Extract from George Socha’s article “Testing the Efficacy of Image Labeling”
With a picture worth a thousand words, a single image can change the course of a lawsuit.
A man claims injuries prevent him for lifting more than 5 pounds. A photograph snapped by a private investigator lurking nearby shows him hoisting a 20-pound box delivered to his front step.
Another plaintiff alleges lower-back soft-tissue injuries making it too painful to raise his arms to shoulder level. A photo run in a local newspaper shows him sporting a gold medal from a weight-lifting competition.
A third plaintiff sues an ATV manufacturer asserting products liability causes of action. A picture taken by our vehicle inspector shows another company’s logo on the three-wheeler’s gasoline tank.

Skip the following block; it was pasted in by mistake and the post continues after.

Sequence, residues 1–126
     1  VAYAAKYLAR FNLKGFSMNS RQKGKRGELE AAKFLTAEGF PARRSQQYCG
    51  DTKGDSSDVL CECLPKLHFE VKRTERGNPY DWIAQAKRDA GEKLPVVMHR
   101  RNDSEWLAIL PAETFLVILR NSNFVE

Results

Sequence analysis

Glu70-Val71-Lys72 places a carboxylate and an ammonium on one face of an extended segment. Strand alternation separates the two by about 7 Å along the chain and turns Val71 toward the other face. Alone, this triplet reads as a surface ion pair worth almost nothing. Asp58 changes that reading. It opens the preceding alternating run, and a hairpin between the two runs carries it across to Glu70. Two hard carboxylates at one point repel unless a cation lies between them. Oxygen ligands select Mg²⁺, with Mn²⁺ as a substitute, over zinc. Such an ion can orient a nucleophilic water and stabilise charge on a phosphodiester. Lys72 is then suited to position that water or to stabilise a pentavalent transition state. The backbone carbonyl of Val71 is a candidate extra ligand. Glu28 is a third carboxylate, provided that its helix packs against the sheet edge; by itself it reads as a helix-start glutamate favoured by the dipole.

Those were three of my cases. I am sure many litigators have similar stories.
Time was, each of we kept only a small number of carefully curated photographs, often dated, labeled, and pasted into albums. Now, most of us are digital archivists with tens or even hundreds of thousands of photographs kept on our phones, posted to social media, hosted in the cloud, and stored on tucked-away hard drives – and most of them not organized in any fashion.
That means that when a new case comes in the door, both your client and the other side potentially have access to tens or hundreds of thousands of images. Some of them may be relevant. A few could be dispositive.